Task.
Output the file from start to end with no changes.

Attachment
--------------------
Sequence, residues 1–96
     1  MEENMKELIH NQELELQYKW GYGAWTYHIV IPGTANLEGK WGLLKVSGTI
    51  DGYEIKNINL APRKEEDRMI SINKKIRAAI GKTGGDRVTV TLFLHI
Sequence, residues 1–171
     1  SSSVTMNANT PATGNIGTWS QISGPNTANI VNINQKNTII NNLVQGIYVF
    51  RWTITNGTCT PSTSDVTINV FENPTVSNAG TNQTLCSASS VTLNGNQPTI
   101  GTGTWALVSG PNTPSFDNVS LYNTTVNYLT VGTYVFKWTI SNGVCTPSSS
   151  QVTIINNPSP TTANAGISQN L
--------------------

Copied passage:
Sequence, residues 1–96
     1  MEENMKELIH NQELELQYKW GYGAWTYHIV IPGTANLEGK WGLLKVSGTI
    51  DGYEIKNINL APRKEEDRMI SINKKIRAAI GKTGGDRVTV TLFLHI
Sequence, residues 1–171
     1  SSSVTMNANT PATGNIGTWS QISGPNTANI VNINQKNTII NNLVQGIYVF
    51  RWTITNGTCT PSTSDVTINV FENPTVSNAG TNQTLCSASS VTLNGNQPTI
   101  GTGTWALVSG PNTPSFDNVS LYNTTVNYLT VGTYVFKWTI SNGVCTPSSS
   151  QVTIINNPSP TTANAGISQN L